Whitaker's Wisdom: Why Great?

After my offhand reference to Todd Whitaker in last week’s entry, I realized I probably had some explaining to do:

Whitaker wrote a book called “What Great Teachers Do Differently,” which I read in my very first grad school course.  It was a methods course, and the teacher (still my favorite) had us read all kinds of perspectives in order to determine our own.

The book is divided into fourteen principles that Whitaker believes separate okay teachers from brilliant ones. They’re all pretty common-sense ideas, but the way in which he discusses them is at once humbling and inspiring.  He reminds us of our many flaws while encouraging us to get rid of them and move on to become better teachers and humans.

His work is on my mind currently because I heard him speak at a teachers’ convention a few weeks ago: it was the first school-related event of the year, so I think I was paying better attention than I generally do at required meetings.  The presentation he gave there included many of the same principles in his book: basic ideas, but presented in a snappy and engaging manner.

I have a bad track record of starting weekly features (to be exact, it’s 0%) but I’d like to make a more short-term committment to discussing these principles in an effort to put them into practice.  So, here is the first.

Whitaker begins the book with the seemingly-obvious principle that observing great teachers is more useful than observing okay or bad teachers.  Although we often hear that we can learn what not to do from a poor teacher, we can learn a lot more from a good one, and more still from an excellent one.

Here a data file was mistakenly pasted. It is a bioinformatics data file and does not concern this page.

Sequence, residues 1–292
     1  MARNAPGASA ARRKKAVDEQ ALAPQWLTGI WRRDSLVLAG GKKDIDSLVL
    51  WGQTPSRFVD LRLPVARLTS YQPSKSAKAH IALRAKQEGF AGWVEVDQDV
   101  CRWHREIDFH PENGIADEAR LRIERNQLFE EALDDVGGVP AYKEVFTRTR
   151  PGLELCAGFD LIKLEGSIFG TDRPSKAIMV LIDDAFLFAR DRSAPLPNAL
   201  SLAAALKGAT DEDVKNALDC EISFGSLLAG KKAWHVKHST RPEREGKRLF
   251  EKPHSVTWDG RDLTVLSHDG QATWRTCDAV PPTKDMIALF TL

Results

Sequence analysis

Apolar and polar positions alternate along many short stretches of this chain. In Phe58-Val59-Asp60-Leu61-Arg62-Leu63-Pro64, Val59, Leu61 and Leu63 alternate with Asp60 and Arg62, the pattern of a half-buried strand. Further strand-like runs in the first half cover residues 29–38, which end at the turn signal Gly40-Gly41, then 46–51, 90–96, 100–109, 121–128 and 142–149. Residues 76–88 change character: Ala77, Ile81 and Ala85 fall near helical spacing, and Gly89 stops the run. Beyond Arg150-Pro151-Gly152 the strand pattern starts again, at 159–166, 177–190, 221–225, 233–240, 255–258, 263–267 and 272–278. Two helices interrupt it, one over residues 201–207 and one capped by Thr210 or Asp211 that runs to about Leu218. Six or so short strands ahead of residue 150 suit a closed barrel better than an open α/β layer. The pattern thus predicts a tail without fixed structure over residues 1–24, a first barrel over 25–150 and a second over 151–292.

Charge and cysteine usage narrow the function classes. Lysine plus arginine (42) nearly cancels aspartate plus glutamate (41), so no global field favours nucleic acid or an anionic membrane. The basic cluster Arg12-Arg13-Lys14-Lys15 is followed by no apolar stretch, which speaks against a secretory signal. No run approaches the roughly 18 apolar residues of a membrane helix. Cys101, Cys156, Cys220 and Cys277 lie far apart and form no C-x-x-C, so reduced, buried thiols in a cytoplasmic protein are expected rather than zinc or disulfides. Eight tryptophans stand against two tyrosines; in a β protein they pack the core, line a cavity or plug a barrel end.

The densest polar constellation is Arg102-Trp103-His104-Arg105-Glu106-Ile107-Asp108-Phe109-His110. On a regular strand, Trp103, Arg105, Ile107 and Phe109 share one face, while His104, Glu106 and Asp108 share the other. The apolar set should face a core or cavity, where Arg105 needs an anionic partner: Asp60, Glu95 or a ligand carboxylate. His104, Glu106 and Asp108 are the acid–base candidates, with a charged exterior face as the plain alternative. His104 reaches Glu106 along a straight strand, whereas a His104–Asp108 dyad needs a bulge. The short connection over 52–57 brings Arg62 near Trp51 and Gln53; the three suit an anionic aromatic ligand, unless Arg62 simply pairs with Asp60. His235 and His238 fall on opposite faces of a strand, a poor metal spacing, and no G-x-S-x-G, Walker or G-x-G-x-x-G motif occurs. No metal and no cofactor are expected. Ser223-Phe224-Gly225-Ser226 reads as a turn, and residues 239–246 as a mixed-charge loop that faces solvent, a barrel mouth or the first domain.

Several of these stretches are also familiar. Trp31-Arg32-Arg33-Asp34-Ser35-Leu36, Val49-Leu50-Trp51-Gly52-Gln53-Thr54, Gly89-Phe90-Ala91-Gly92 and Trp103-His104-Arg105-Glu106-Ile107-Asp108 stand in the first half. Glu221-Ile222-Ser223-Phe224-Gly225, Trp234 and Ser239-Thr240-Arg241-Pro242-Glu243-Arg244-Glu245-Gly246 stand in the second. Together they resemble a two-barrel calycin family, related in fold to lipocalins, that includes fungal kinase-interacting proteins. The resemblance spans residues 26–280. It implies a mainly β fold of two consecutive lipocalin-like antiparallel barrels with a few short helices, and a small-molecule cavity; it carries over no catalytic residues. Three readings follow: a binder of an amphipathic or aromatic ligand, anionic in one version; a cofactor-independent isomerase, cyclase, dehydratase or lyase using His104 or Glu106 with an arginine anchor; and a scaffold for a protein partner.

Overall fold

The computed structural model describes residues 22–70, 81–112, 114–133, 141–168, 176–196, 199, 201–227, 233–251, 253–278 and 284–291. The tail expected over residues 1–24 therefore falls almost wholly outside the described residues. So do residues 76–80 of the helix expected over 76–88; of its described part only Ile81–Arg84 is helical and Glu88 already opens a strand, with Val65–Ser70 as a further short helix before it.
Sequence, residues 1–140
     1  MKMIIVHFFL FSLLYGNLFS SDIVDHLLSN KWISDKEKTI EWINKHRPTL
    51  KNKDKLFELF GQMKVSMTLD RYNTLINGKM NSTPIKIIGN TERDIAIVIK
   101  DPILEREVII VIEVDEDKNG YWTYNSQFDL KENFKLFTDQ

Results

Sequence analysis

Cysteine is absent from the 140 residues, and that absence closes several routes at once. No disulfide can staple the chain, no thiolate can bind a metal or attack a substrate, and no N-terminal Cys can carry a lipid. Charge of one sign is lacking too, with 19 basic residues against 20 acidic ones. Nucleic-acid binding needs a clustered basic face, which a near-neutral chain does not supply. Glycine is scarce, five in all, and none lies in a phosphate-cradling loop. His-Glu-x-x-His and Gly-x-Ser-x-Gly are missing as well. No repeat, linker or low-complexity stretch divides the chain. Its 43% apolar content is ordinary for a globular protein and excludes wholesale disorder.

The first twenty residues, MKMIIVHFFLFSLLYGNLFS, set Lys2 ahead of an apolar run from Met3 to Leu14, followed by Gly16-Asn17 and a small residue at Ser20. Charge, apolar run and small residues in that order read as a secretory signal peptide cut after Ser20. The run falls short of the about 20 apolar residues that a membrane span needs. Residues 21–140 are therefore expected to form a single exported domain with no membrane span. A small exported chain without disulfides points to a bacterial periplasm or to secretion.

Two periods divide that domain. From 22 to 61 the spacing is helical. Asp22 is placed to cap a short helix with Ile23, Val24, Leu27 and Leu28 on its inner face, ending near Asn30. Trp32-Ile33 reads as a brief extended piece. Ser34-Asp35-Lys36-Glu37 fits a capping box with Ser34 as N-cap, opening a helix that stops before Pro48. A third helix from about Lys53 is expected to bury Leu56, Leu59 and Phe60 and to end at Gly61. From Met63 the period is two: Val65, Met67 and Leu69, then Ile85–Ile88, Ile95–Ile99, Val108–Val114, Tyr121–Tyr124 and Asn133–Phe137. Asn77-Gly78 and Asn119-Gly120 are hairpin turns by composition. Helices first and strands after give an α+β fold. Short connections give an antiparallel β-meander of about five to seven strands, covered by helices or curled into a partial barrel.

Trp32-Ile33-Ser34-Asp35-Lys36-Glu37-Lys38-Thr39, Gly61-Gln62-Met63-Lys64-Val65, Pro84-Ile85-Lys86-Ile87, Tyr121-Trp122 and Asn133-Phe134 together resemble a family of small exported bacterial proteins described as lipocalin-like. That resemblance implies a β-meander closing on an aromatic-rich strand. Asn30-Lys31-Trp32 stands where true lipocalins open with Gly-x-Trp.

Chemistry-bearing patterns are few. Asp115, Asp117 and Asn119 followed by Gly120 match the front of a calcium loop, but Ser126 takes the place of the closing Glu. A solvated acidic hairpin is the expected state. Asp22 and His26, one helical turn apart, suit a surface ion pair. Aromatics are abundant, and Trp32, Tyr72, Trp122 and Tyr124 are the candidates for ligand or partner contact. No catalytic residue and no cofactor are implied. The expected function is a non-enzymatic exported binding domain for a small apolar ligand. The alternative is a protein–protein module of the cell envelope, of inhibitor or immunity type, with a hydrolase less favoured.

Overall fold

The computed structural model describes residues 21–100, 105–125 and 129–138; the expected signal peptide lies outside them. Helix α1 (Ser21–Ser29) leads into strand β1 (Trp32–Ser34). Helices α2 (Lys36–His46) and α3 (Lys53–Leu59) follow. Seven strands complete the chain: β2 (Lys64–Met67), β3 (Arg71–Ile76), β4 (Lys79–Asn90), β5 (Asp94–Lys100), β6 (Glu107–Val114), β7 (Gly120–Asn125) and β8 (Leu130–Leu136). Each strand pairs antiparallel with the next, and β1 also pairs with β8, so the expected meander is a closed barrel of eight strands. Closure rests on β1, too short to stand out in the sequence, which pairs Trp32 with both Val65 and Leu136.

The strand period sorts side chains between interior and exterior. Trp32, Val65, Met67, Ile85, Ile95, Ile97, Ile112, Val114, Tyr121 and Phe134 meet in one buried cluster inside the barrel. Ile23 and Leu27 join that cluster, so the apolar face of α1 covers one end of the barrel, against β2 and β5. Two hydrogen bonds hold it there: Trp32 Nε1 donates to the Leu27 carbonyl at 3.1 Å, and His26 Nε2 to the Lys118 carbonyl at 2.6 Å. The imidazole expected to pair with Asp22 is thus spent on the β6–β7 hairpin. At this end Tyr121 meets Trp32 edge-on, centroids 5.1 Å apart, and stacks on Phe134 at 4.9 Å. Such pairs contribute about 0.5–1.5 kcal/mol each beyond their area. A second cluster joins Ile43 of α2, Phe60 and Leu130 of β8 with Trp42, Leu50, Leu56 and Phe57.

How can we identify an excellent teacher? Whitaker observes wryly that while all teachers think they are great teachers, most of them are wrong.  The key litmus test is that truly great educators are able to accurately self-reflect; they know when they’ve taught a wonderful lesson and when they’ve taught a mediocre one.  Poor teachers always think they’ve done a great job, and when things aren’t going well, they’re quick to blame others or circumstances.

Whitaker also stresses the importance of identifying the variables in a great teacher’s repertoire.  In other words, what is s/he doing that other teachers are not?  For instance, all teachers take attendance — great and terrible ones.  Many teachers decorate their classrooms, including poor ones.  But a great teacher will never, for instance, argue with a student.  (Or use sarcasm, says Whitaker, though I respectfully disagree.)  Identifying these differences will help us to improve our craft through better interactions with students.